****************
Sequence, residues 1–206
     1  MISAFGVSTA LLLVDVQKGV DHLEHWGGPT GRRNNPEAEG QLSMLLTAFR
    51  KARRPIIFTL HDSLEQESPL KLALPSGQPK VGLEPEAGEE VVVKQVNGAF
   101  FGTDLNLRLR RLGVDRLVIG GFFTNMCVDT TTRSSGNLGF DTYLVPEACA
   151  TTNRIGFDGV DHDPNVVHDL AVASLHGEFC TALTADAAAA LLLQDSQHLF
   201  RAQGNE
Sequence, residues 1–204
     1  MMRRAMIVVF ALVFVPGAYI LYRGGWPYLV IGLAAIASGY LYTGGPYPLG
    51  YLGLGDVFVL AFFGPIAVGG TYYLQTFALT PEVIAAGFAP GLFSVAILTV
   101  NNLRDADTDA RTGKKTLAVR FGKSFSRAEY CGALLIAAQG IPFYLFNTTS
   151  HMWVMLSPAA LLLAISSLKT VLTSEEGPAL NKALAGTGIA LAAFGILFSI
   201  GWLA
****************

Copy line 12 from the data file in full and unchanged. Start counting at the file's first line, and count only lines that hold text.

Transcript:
   201  GWLA